As far as Lennon, “Imagine” was a hippy pipe dream that had a nice, catchy melody but had about as much substance as two stoners at Haight Street dreamily blathering on about The Summer of Love.

    • I guess John’s real mistake was trying to live as one with people on the sidewalks of Manhattan rather than having body guards?

  2. 2. I tried reading the referenced document. I couldn’t get past the opening line of the the Introduction: “I can’t breath.” Was it authored by LeBron James?

  3. 1. The key to “Imagine” is the end: I hope someday YOU’LL join US, and the world will live as one. That’s a threat – no discussion, no compromise, only you can give in, only we can prevail.

        • My wife has many Beatles histories, and has been, since her screaming years, a Lennon Lover. But the evidence is pretty damning. He was supposedly reforming right before his death, but there are many, many verified stories of his going out of his way to hurt people, just because he could.

          • He fed reporters a bs line about how he was enjoying life as a househusband, baking bread and taking care of Julian, his and Yoko’s son. In reality hired help did the baking and child care, while John either nodded off or padded about the house naked and drugged to his eyeballs.

            • Sean was the son of John and Yoko. Julian was his neglected son by his first wife. Both sons appear to have turned out to be talented, well-adjusted adults, and better human beings than their father, while showing both respect and compassion for their famous dad’s demons. Sean is even something of a conservative.

  4. 2. I heard this in a podcast today, but I’ve been listening to them all day so I can’t recall what one it was, but I think this is a perfect way to define “rights” moving forward. Someone said a right is something no one else has to work for. Perhaps it should be extended to a “right” isn’t a right when it tramples on others fundamental rights. Pursuit of happiness is a right. Free housing is not. Someone else has to do physical work to make that happen for each individual.
    It’s a little hard to debate these terms currently. They’ve become so ambiguous. It’s time to clarify what we are taking about. Property rights don’t trample on anything, and yet there’s a underlying narrative that property owners don’t actually have rights to use or protect their property. It’s a crazy and dangerous idea to think the property should somehow be redistributed to someone (Or some group) who invested nothing and when there will be real losses to someone to enact this “right”. Life simply isn’t fair. Outcomes aren’t equal and anything that tries to enforce such ideas ends in ruin, historically speaking.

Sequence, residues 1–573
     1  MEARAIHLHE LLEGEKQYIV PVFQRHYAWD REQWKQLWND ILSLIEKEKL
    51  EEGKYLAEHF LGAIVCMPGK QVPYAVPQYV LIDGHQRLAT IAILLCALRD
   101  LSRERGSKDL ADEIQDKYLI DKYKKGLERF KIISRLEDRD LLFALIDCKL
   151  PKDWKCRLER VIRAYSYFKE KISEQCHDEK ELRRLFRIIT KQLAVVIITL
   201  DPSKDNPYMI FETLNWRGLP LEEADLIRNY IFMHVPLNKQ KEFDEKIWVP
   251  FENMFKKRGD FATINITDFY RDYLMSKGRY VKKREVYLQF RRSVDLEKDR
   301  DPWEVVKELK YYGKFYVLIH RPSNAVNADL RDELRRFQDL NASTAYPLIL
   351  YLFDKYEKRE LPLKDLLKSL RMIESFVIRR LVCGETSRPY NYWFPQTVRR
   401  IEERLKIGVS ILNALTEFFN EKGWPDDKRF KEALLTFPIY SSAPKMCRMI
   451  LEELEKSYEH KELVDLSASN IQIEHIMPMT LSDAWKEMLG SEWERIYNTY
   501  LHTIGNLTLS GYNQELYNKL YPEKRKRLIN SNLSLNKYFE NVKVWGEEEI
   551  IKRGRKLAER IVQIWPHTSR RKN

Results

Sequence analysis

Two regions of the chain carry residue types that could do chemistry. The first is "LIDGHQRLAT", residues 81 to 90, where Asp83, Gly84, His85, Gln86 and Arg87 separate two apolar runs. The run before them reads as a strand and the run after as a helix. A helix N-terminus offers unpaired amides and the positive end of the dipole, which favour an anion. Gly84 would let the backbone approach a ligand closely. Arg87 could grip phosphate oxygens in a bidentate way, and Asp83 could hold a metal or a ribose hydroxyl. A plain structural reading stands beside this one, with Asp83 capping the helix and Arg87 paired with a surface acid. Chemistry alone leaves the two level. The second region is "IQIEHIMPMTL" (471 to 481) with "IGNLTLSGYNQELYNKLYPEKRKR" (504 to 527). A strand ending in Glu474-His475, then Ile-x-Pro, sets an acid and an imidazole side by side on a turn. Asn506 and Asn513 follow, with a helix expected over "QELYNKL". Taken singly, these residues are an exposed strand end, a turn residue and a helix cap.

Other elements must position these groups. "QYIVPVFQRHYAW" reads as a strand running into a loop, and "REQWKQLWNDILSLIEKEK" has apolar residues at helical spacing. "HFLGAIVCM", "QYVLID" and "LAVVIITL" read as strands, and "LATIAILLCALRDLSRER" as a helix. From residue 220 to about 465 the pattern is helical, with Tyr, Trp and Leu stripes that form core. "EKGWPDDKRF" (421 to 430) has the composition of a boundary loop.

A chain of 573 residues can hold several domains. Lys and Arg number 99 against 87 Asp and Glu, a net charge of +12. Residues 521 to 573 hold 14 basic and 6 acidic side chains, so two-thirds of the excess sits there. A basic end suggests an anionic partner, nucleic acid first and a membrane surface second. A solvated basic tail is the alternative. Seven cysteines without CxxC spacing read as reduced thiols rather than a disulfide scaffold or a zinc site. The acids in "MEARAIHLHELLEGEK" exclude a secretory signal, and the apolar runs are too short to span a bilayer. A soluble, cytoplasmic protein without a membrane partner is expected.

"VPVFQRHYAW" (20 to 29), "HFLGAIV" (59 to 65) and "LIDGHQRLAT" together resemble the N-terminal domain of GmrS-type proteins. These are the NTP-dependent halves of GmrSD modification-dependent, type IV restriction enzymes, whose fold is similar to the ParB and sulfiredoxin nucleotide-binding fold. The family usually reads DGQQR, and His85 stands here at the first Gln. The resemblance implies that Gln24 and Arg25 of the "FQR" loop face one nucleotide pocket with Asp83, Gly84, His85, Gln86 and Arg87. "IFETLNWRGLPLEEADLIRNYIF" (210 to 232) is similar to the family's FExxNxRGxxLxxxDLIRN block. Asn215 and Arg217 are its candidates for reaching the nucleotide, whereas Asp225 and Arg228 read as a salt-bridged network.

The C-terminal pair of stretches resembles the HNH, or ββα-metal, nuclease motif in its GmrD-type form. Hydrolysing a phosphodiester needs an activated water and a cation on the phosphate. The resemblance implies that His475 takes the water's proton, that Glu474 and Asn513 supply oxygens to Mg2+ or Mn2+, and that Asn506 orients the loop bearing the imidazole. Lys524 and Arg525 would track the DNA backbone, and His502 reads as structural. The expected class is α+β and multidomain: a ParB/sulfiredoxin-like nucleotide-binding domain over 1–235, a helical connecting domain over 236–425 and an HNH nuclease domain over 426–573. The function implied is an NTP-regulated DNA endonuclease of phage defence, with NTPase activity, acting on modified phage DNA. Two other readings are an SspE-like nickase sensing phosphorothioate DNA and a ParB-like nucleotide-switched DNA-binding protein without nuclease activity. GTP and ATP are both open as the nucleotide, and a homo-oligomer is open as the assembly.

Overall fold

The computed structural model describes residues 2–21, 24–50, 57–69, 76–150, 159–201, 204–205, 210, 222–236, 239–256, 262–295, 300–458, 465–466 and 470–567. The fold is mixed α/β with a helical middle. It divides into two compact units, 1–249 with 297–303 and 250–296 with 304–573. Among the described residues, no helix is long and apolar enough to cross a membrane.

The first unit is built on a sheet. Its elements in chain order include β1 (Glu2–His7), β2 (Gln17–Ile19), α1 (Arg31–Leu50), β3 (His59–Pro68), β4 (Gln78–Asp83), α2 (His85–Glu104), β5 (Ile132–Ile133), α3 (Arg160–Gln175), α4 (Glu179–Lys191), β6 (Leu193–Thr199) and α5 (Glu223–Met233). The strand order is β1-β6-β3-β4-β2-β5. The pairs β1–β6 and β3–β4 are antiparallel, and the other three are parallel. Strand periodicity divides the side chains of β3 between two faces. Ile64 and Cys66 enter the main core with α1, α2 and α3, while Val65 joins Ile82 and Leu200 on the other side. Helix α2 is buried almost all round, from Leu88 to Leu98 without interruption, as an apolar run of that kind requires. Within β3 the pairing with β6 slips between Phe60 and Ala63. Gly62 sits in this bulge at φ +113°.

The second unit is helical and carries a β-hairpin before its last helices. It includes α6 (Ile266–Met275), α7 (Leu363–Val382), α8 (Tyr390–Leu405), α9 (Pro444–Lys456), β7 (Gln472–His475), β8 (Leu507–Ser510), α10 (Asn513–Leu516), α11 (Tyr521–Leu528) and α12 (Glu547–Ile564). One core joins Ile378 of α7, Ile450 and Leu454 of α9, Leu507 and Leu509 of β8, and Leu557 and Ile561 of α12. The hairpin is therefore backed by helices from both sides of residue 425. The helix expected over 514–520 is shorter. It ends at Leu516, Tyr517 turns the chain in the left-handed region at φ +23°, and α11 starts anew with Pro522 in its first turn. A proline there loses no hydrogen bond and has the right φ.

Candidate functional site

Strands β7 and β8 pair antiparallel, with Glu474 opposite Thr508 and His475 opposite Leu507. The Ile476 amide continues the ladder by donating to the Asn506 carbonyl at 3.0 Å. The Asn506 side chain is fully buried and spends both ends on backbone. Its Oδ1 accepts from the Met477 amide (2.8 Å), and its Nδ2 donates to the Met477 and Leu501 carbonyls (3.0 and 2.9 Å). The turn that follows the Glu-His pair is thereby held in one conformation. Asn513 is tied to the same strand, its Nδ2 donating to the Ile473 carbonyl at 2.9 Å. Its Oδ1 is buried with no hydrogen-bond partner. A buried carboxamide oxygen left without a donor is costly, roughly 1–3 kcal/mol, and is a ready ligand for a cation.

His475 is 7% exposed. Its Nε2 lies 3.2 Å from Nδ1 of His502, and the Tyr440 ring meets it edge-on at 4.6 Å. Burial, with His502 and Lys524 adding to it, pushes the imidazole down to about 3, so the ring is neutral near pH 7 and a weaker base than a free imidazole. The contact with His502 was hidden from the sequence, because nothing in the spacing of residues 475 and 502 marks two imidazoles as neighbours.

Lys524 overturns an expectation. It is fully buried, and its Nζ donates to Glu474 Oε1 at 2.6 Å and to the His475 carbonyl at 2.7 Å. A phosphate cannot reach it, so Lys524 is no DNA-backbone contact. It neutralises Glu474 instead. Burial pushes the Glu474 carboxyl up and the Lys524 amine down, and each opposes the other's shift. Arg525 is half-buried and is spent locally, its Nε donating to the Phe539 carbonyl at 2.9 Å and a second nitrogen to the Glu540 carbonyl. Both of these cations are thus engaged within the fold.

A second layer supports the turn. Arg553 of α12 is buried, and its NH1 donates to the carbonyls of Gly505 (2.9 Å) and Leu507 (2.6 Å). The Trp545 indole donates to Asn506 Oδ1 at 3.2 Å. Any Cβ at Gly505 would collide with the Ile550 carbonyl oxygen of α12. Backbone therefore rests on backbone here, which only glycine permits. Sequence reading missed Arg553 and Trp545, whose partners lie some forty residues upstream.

5. I am sick and tired of idiots who misuse the term public goods.

    Public goods are non rival meaning that if one uses it another can also use it. They must be non-excludable meaning if one can consume all can consume because it is impossible to stop another from using it. Finally, and this deals with paying for them, non- respectable. You can’t say I don’t want to pay for something I do not want to consume.

    Public goods are provided when it is uneconomical for market buyers to acquire or producers to make. This is a market failure. Imagine if everyone had their own private highway or airport. A private home or a candy bar can never be public goods by the very nature of how it is used.

    Simply because government offsets costs of goods does not make them public goods. If one user can deny access to another it is a private good.

    You would think someone from Harvard would know this.

  6. I’ve been reading this blog for a few weeks now – it’s incredible. I have a request for you, Jack – could you write more posts on that Carr’s Center for Human Rights document? Hopefully this is not too off topic for this post, but I recently had a discussion about whether emergency room health care as a “right” (since hospital by law usually can’t turn someone away from an emergency room who could be dying) means that ALL health care/health insurance is a “right.” My thought was that the laws requiring emergency rooms to admit anyone is really to keep from violating the established right to LIFE, and is not commensurate with a “right to health care or health insurance” writ large. Thoughts?